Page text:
Learn by making.

Data-driven content design tips

On-page searches

Have a look at what people are typing into the search box on the page they’re on. This will show you what could be missing from that page, and what information the user is expecting to see on that page but hasn’t found.

Call centre data and logs

What are people calling about and how many people are calling? Do the call centre ask if the person has already been on your website? If not, can you change the script to find that out?

Using the language your users use

Away from your website, are there other places your users gather and chat? Online forums and social media can be great places to see what kind of language your users are using. It might be that they call specific things something different from the ‘official term’. If you’re always using the official term, when they search for something on your site using the language they use every day, this means they won’t find the information they need. Where possible, always mirror your users’ language.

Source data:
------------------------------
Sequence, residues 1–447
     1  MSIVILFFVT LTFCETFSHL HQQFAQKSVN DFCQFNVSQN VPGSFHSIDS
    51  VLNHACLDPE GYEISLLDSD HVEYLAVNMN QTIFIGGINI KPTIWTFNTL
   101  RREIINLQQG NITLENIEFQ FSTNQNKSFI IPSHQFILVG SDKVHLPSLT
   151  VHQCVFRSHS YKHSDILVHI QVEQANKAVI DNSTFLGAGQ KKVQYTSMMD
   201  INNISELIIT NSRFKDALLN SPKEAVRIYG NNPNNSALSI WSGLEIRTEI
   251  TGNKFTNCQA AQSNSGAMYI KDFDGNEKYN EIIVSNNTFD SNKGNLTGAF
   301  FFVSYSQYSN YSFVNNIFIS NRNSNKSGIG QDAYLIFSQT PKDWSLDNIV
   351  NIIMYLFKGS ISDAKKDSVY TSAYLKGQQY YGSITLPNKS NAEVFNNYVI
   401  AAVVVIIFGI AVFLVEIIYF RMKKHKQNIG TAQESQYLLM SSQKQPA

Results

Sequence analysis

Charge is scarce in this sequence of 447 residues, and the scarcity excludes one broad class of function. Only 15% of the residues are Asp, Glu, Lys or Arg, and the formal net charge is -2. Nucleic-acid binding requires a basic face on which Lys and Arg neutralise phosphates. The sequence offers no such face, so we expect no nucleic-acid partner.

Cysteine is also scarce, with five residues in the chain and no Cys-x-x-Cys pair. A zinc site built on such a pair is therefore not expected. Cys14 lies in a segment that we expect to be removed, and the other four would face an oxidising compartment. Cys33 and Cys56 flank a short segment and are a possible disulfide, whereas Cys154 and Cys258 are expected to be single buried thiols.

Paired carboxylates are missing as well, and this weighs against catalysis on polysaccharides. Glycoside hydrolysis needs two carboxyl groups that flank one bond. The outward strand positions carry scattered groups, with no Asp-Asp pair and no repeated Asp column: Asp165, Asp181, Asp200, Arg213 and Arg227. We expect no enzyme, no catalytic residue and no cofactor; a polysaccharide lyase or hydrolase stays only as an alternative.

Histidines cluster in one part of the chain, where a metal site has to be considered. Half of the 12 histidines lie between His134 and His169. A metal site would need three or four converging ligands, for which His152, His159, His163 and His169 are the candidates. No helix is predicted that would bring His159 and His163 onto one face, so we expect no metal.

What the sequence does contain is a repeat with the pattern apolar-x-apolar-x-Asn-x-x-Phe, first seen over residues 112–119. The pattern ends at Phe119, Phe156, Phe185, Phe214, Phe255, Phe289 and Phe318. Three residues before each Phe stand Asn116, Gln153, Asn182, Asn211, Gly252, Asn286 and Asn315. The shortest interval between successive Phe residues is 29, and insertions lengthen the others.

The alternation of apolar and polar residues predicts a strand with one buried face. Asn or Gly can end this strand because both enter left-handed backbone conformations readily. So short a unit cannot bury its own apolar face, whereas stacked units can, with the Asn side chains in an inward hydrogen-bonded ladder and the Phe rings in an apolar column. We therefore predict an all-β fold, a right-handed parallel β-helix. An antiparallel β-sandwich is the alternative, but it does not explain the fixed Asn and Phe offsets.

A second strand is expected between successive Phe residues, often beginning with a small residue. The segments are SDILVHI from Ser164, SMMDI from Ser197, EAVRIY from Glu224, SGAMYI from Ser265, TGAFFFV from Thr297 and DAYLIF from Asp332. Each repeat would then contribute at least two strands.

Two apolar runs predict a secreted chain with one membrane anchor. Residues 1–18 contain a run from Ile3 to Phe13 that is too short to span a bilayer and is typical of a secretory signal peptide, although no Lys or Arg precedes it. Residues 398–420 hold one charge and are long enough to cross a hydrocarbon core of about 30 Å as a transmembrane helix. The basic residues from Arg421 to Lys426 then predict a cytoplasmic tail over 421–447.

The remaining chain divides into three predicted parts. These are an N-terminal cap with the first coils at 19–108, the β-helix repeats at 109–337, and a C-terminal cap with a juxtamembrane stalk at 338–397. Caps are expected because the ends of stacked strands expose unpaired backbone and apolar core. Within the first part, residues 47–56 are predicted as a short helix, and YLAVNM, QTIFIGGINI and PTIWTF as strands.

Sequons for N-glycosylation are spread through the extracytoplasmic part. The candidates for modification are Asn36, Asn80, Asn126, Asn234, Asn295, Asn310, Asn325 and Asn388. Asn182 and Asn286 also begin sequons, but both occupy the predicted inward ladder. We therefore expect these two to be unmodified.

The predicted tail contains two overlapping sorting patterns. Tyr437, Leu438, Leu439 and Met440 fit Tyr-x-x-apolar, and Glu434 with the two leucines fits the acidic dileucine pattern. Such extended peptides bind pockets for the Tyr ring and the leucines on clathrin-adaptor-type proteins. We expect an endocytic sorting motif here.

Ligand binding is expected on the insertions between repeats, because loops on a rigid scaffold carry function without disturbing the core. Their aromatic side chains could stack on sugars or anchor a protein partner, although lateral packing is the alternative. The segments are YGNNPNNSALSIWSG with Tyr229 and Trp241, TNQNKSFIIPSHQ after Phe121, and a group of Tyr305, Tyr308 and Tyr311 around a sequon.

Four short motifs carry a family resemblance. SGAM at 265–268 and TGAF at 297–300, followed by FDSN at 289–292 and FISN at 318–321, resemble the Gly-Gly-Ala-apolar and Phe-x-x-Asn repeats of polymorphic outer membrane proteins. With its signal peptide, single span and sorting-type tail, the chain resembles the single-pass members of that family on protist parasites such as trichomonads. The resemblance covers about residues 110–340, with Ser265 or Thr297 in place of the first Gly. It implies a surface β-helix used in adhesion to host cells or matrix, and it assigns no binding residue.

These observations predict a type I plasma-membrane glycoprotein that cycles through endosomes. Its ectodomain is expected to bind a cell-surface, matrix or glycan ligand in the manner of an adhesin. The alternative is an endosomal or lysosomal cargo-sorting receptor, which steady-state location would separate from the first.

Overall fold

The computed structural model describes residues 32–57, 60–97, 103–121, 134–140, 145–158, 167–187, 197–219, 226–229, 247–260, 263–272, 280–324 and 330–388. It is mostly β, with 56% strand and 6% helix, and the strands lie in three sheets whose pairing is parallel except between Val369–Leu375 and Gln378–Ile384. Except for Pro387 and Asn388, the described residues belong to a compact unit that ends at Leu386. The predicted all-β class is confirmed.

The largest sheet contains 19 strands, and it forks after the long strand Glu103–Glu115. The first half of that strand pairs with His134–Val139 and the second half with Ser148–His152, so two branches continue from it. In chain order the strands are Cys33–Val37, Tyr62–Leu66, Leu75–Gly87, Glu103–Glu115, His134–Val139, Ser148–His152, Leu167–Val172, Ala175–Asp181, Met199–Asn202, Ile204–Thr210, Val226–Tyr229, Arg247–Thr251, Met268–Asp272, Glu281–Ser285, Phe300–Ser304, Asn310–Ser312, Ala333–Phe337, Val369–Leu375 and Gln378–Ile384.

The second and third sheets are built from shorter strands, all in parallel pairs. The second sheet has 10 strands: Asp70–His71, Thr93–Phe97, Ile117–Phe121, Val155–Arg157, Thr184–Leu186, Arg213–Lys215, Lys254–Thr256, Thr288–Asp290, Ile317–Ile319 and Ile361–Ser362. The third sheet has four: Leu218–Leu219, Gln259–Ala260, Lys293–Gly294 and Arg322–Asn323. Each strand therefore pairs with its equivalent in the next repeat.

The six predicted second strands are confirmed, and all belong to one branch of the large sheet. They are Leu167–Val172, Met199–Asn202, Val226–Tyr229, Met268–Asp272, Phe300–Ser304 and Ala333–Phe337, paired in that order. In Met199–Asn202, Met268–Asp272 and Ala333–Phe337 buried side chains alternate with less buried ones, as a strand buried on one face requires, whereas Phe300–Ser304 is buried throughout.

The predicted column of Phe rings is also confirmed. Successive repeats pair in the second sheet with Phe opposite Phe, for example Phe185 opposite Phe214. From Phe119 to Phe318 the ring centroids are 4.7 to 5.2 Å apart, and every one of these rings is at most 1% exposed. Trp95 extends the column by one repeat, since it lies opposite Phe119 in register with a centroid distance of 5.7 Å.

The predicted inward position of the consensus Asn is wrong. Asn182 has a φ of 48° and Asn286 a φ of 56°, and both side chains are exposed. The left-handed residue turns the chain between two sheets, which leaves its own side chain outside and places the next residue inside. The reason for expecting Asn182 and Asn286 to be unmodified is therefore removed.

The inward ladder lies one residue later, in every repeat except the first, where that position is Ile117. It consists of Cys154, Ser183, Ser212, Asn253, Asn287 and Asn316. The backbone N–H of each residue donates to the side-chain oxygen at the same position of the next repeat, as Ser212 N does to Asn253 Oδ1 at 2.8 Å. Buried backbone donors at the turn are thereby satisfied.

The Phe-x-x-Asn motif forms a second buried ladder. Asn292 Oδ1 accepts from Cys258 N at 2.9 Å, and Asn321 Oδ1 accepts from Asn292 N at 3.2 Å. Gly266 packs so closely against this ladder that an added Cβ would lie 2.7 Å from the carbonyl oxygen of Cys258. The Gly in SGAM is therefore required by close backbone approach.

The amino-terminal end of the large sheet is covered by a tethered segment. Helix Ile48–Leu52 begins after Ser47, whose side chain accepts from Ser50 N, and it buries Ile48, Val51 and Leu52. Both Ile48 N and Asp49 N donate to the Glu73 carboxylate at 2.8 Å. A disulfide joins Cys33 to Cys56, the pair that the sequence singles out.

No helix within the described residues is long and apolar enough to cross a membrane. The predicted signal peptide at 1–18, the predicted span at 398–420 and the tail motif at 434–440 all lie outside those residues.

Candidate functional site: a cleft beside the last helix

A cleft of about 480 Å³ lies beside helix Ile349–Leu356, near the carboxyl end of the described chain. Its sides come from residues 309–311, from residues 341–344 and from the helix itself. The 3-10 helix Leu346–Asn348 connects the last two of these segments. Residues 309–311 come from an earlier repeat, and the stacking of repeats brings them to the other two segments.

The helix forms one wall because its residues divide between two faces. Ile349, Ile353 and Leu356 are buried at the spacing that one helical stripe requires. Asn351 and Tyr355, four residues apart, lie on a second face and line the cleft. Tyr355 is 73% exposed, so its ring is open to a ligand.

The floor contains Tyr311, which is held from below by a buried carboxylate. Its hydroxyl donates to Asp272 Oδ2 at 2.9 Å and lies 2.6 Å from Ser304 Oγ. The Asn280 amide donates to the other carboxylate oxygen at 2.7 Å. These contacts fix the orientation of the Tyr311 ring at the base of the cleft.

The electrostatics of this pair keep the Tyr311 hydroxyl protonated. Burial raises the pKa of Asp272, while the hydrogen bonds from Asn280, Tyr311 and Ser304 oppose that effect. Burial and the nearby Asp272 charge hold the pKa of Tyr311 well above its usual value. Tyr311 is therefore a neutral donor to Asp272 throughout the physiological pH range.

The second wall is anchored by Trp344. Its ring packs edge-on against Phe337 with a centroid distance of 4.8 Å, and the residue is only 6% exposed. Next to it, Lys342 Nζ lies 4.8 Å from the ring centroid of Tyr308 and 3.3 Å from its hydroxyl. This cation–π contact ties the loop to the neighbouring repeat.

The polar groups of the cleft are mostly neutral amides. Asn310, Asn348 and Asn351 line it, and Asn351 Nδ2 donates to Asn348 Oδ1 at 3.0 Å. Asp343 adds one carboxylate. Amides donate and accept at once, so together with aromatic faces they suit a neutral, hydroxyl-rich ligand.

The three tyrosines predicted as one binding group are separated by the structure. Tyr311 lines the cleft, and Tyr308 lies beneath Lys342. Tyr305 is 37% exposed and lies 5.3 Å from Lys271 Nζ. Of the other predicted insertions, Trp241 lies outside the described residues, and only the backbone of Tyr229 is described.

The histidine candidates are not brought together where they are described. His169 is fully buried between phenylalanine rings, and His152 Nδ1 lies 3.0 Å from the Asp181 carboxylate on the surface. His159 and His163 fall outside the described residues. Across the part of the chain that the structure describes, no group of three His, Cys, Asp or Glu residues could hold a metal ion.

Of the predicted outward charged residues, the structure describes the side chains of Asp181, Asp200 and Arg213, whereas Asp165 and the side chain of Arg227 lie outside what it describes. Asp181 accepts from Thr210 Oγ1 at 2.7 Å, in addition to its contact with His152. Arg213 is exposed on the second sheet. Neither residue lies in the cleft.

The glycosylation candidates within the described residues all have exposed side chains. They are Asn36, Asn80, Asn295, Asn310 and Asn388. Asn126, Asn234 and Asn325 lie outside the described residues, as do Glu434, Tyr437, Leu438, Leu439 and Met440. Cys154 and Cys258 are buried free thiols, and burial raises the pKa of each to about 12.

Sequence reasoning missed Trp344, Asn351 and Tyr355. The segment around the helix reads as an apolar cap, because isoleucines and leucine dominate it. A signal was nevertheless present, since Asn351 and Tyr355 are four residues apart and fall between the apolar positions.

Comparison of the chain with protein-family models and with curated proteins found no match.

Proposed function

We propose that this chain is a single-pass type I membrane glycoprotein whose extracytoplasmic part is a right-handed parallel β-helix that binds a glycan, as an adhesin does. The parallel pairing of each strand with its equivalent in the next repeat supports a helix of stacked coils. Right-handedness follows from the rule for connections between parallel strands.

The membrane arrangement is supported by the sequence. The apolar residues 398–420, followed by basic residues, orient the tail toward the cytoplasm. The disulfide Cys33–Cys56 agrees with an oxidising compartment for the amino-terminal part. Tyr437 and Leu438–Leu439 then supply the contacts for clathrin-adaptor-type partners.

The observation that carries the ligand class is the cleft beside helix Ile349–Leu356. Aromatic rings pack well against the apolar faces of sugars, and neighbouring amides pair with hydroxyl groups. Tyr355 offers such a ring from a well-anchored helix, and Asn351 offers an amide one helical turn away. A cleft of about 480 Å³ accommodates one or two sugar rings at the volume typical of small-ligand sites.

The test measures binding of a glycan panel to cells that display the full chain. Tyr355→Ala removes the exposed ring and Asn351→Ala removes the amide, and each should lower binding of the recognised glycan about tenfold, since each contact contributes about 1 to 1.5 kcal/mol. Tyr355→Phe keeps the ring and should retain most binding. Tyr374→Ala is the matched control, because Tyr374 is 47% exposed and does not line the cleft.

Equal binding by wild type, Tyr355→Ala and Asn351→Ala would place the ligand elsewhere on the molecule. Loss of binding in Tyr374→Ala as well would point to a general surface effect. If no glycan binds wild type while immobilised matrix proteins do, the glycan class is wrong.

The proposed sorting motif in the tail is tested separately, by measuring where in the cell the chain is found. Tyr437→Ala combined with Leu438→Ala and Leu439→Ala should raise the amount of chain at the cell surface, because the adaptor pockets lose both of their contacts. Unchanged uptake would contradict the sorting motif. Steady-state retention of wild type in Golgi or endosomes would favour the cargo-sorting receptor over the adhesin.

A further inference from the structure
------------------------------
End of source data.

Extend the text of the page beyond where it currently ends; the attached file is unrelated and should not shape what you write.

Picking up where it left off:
Evaluation techniques

As well as looking at feedback from your users, and doing usability testing, you can also use highlighter testing to check new content quickly. In person, print out your content and give users a green and red pen each. Ask them to highlight parts of the content that do and don’t make sense to them. This is a bit trickier to do virtually but you can screenshare or send users a doc ahead of time to highlight.

Improve your content with data - from Content Design London

Using data for content design - a blog post from the Office for National Statistics

A simple technique for evaluating content - a blog post from GOV.UK

Designing remote content testing - from content designer Lexie Claridge

How we redesigned our website - from Content Design London

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